Yet Ramsay’s poetry is deceptively simple. There are no great conceits of metaphorical complexity to work through, nor any great Augustan classical references to wrestle with in order to fully understand the poet. Ramsay speaks from the heart to the heart; ideas and feeling flowing to and fro, from the human to the sacred, from the seeker to the found. It is in this deceptive simplicity that the complexity of Ramsay’s Awen is discovered.

There are too many areas of this book that merit discussion and space allows for mention of just a few examples. It is hoped those chosen will whet the appetite to explore the entire text.

Trwyn Meditations call on the vast landscape at the edge of Snowdonia in Wales as a place of truth. His initial poem explores the sensations of the land, sea, sky as he experiences them:

… a slight breeze


between my ears

a curlew’s cry

the water’s liquid note

down arms

and legs

to the earth’s pull…


The structure of his sentences reflects another truth – that of the general separation of mind, body and spirit can become disjointed in the mundane world we have to live in. In a place of truth and a mirror of what is really real, this psychic separation is not welcome. As Trwyn works its magic, Ramsay becomes one with the spirit of the place and his journey into that oneness is reflected in the structure of the poem:

… heart’s


By the end of this first section, Ramsay is connected to the liminal space and his awareness / oneness with Awen is in view for those who see.  Those of us who also journey in places of truth will recognise much of the experiential experience in this poem. Indeed, the heart-song:

No need to speak;

Most things

Have a habit of sounding pompous

Or trivial

In this place of truth


is instantly recognisable, and not only for the paradox it contains. To share the oneness is to feel. Not think. Yet it is think that provides the means to communicate an experience that can only be felt by the individual undertaking the journey to the centre.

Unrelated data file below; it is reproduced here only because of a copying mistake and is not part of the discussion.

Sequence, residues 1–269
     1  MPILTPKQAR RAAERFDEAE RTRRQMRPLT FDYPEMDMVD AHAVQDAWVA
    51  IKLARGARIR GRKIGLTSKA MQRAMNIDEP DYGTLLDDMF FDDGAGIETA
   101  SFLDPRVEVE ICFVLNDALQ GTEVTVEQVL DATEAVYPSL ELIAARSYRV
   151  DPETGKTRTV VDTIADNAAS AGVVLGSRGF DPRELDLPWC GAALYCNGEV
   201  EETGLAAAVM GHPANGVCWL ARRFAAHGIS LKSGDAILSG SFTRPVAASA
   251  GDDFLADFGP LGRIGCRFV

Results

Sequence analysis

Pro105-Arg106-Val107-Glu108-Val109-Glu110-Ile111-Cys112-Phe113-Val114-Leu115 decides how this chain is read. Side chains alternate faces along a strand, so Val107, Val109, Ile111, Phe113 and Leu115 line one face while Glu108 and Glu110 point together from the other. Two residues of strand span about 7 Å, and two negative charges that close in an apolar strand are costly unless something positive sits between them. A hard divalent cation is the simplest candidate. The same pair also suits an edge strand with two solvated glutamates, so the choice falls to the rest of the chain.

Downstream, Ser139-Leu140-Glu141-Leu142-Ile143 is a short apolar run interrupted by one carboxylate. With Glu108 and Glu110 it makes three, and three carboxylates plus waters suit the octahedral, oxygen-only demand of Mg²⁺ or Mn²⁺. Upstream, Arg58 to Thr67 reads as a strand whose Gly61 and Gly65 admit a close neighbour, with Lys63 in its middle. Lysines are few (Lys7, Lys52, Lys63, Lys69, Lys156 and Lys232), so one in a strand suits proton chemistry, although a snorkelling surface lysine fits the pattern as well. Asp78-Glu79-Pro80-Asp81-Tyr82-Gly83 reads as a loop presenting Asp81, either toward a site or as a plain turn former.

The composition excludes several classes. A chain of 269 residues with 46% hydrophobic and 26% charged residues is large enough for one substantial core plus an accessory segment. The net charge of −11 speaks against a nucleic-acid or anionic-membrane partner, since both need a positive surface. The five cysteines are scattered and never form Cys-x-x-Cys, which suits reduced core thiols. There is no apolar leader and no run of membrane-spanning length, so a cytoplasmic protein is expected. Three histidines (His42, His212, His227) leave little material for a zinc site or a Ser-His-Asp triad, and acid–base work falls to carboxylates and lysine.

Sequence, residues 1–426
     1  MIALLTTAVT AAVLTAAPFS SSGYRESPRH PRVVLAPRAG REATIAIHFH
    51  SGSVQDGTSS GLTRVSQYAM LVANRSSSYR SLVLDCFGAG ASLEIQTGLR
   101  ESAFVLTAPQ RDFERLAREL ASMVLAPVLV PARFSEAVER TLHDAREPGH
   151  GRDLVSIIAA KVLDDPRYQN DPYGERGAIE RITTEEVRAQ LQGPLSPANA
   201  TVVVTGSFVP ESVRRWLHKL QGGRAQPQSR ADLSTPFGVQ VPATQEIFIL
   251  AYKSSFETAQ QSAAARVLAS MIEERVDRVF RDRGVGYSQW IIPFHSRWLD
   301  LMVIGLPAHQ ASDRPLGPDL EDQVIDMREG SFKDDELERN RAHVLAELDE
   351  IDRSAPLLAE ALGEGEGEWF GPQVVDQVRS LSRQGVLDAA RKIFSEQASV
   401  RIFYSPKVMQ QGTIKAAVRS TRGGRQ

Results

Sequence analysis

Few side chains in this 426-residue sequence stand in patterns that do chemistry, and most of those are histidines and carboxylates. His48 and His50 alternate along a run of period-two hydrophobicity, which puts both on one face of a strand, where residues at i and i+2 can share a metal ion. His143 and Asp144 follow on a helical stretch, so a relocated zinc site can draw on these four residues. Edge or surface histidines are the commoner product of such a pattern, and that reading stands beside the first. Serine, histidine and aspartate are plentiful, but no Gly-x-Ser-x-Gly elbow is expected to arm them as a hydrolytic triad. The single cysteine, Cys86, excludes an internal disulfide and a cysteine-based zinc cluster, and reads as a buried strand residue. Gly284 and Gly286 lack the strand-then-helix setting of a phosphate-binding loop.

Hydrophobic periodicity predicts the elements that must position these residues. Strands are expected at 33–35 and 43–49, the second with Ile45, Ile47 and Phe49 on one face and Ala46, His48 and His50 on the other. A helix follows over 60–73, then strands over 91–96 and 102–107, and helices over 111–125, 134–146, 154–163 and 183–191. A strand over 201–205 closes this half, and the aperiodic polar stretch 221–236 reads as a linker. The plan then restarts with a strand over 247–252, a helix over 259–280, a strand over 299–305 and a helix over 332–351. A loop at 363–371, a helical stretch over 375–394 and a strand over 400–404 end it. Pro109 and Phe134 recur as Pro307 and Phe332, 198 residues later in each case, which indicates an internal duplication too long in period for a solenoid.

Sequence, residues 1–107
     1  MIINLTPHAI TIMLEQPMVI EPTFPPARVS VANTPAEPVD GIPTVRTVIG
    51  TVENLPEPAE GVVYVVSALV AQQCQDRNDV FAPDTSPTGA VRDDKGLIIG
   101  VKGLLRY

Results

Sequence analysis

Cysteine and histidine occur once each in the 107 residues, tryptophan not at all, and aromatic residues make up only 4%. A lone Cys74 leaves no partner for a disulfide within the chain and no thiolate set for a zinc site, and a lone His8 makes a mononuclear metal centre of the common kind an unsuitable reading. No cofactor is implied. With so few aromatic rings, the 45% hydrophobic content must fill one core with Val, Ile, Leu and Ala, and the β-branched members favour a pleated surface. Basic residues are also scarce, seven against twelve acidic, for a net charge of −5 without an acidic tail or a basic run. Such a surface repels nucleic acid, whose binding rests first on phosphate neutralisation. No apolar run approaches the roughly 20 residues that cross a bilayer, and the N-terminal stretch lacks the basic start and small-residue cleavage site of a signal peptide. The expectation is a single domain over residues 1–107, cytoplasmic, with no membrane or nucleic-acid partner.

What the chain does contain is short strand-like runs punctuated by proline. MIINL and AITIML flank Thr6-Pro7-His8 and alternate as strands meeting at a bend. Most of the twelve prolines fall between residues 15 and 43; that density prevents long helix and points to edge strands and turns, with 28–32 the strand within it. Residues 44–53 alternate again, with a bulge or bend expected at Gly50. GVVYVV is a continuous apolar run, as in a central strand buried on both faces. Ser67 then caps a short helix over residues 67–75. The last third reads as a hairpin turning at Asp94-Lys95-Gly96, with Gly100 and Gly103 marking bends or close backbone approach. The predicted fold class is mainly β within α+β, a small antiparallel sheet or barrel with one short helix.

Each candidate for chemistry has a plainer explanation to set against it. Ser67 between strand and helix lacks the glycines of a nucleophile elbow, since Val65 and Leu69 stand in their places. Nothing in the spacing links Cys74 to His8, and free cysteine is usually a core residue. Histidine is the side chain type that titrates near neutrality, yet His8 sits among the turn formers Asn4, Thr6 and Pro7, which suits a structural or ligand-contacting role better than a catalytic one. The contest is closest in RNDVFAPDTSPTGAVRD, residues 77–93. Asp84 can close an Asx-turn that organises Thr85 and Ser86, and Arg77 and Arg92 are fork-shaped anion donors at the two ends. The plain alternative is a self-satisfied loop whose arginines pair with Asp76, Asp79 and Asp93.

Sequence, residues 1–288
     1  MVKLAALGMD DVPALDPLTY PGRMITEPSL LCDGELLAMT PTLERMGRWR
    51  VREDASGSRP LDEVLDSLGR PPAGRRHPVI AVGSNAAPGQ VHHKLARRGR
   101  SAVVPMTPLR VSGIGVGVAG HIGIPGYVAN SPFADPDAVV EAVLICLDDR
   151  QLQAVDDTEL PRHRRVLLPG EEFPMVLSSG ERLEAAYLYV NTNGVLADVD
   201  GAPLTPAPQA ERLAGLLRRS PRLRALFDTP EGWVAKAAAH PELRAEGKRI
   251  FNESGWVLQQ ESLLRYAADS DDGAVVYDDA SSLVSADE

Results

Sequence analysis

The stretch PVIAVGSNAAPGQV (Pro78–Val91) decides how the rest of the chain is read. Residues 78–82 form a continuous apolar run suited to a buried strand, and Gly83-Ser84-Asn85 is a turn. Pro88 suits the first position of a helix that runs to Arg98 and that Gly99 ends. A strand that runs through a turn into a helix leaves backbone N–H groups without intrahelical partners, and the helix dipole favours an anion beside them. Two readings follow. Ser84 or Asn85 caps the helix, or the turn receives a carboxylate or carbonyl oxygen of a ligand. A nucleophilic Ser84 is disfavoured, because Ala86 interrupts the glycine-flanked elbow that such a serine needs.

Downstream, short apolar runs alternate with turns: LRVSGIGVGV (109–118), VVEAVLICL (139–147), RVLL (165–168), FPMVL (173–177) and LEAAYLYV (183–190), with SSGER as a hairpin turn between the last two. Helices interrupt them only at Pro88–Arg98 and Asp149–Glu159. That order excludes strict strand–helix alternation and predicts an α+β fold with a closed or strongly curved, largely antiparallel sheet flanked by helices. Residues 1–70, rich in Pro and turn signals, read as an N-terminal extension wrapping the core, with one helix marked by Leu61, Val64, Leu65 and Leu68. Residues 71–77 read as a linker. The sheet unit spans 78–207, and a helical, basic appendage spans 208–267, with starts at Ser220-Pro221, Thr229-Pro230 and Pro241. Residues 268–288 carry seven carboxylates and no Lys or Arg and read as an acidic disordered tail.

By the Shores of Loch Awe held particular interest as this part of Scotland holds the both the bones of ancestors and the memories of the future in the shape of a white quartz heart in the hills a little way to the east. This has been a sacred gathering place for Scotland’s Travelling People for many centuries. When Ramsay poses the question: ‘can you think like water?’ he taps lightly into the power of the land and the power of memory. His understanding of the genii loci is inherent in the phrase: ‘how to speak heart’ links not only physically to this monument, but also to understanding the flow of memory in the land.

The differences in the places of truth written about and what they mirror seem to be echoed in a sense of belonging. The absolute understanding of the land of your own feet, as shown in the poems set in the West Country and in Wales; and those where visiting may only give the wanderer time to acknowledge ananchara in passing is more than worthy of reflection.

These differences are very clear in the Sinai poems. Ramsay is out of his comfort zone and his very, very amusing advice in How to Ride a Camel (’don’t do it!’) is one of many moments in the volume that make the reader feel an affinity with the poet – we too can feel the heat, the sand in our mouths, the discomfort of sickness and the cussedness of a camel – but we also share the experience of the land and the truth it tells him:

… that what you see

is as important as what you say.

These poems are beautiful and their deceptive simplicity will reward a patient reader – one who is prepared to allow the words, their images and their deeper meanings to sing in the soul.


Fiona Tinker


Places of Truth: Journeys into Sacred Wilderness – Jay Ramsay, (Stroud: Awen Publications, 2009, 2012, 2016), £12.